How to ace your application to the Healthcare Innovation Award

A health worker vaccinates a child at a health centre in Chilundu, DRC. Photo by: Ivy Lahon / Save the Children

Each year, millions of children die before they reach their fifth birthday. As such, it’s one area where innovation is expected to make a huge impact.

GlaxoSmithKline and Save the Children are offering prizes totaling $1 million to organizations with innovative ideas to address under-5 mortality. This year, the Healthcare Innovation Award focuses on solutions that can improve the survival of infants during the first four weeks of their lives.

“We want to focus on this high-burden area, drive some movement in that area and hopefully have impact,” Dr. Allan Pamba, vice president for East Africa at GSK, told Devex.

Pamba launched the second Healthcare Innovation Award at the Partners’ Forum on Maternal, Newborn and Child Health earlier this week in Johannesburg, South Africa. GSK and Save the Children, he said, hope to receive as many applications as possible. Submission of applications will remain open through Aug. 25, 2014.

To those who wish to join the competition, here are some tips from Pamba and Elizabeth Molyneux, professor of pediatrics at the University of Malawi’s College of Medicine and spokeswoman for last year’s grand prize winner, Friends of Sick Children, Malawi.

Have a clear plan of action

Your proposal must indicate what you will need to implement your project. This includes a time frame and time line, required personnel and permissions from government, and travel and training costs.

Demonstrate that your innovation is different

Answer this question: How is your solution innovative and clever?

Pamba clarified that GSK and Save the Children are not only after innovative products, but also services. He gave the example of the Kangaroo Foundation in Colombia which won a $100,000 prize for its technique that promotes early skin-to-skin contact between mothers and their premature and newborn babies.

That’s “very simple but makes a massive difference,” Pamba said.

Another $100,000 award winner, MUSO, is implementing a community-based program in Mali which identifies women and children requiring health care before their symptoms escalate to a more serious condition.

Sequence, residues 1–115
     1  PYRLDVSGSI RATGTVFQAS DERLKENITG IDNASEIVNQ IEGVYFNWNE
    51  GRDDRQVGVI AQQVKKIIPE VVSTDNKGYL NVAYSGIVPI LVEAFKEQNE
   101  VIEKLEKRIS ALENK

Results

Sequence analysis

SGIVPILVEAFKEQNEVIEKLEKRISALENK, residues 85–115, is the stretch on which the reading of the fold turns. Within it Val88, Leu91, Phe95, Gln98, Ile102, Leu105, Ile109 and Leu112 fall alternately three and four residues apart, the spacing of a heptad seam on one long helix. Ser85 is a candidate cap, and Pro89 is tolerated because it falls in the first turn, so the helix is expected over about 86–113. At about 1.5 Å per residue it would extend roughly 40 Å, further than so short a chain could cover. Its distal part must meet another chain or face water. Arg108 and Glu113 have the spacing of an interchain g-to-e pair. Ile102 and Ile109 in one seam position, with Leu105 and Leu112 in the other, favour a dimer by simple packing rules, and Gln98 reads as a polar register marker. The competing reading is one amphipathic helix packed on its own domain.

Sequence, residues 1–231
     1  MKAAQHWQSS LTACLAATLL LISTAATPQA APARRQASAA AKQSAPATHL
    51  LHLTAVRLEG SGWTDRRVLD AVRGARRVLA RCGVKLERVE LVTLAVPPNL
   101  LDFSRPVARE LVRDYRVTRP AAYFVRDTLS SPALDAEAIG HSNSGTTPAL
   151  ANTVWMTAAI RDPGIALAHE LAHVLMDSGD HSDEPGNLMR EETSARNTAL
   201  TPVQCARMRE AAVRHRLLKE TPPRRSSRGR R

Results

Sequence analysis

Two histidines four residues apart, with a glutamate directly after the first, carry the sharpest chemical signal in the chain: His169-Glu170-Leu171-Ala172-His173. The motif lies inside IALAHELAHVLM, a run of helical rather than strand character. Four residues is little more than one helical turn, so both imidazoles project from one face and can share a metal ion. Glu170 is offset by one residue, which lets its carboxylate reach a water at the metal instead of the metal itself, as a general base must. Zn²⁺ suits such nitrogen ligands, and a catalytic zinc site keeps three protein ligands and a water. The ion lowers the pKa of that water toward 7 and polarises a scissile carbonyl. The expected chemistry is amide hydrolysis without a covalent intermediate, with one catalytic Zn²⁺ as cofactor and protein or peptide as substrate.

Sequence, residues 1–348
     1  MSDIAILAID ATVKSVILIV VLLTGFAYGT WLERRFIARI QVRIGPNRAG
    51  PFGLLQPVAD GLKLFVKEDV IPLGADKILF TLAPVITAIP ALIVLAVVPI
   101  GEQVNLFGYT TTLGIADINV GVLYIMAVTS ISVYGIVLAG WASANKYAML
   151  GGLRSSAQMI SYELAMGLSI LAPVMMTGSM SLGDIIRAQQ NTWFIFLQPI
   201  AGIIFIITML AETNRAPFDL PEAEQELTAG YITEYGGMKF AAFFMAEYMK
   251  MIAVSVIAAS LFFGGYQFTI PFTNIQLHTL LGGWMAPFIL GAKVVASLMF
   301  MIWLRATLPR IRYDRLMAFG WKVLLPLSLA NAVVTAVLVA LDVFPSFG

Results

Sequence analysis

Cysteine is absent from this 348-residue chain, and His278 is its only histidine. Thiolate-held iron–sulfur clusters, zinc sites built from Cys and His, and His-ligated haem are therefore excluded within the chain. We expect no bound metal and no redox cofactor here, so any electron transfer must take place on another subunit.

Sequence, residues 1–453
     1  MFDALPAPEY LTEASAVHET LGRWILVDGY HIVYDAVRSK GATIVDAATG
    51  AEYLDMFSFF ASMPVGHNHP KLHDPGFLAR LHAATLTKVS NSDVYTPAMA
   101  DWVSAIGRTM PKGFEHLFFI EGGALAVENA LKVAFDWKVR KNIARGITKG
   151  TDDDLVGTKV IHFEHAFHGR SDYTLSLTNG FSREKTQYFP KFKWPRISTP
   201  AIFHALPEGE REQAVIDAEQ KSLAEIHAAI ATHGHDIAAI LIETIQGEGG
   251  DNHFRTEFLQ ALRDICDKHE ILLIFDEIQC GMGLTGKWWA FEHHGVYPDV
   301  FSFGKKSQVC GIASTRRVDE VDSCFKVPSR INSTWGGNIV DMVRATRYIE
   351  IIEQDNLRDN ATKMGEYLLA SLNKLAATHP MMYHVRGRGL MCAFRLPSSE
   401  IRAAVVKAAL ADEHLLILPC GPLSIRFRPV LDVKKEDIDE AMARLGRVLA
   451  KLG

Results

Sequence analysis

Show how your innovation is scalable

You need not provide quantitative evidence, as doing so can be very difficult and time-consuming, Pamba acknowledged. What you can do is to present a logical flow for how you envision scaling up your innovation.

“If they [applicant organizations] can make an effort to describe the innovation and its potential impact, it will show the judges that there is real vision behind it,” Pamba said.

Demonstrate that your solution is sustainable

You must show that you can find more sources to scale up your innovation apart from the money which may be won from the challenge, such as by making sure your idea also addresses a need identified by global funders.

Friends of Sick Children, Malawi, had a clear commercial model for the bubble continuous positive airway pressure — a low-cost device helping newborns in respiratory distress breathe more easily — hence it won, Pamba noted.

“You can have a good idea but how it is going to be sustainable? What is the sustainability model for the idea?” Pamba said. “You should really be clear on that. It scores you a lot of brownie points.”

Your innovation needs to have been thoroughly tested        

Your solution must be proven to be safe and effective. Make sure to do a pilot study of it in the setting where you recommend it would be of value.

In the case of bCPAP, the device had gone through several modifications in a span of four years. It was tested against commercial, more expensive versions of the machine for efficiency and efficacy, according to Molyneux. In addition, at the neonatal unit of the Queen Elizabeth Central Hospital in Blantyre, Malawi, infants on bCPAP were found to have fared better than those who received nasal prong oxygen, a standard of care.  

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About the author

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    Ma. Eliza Villarino

    Eliza is a veteran journalist focused on covering the most pressing issues and latest innovations in global health, humanitarian aid, sustainability, and development. A member of Mensa, Eliza has earned a master's degree in public affairs and bachelor's degree in political science from the University of the Philippines.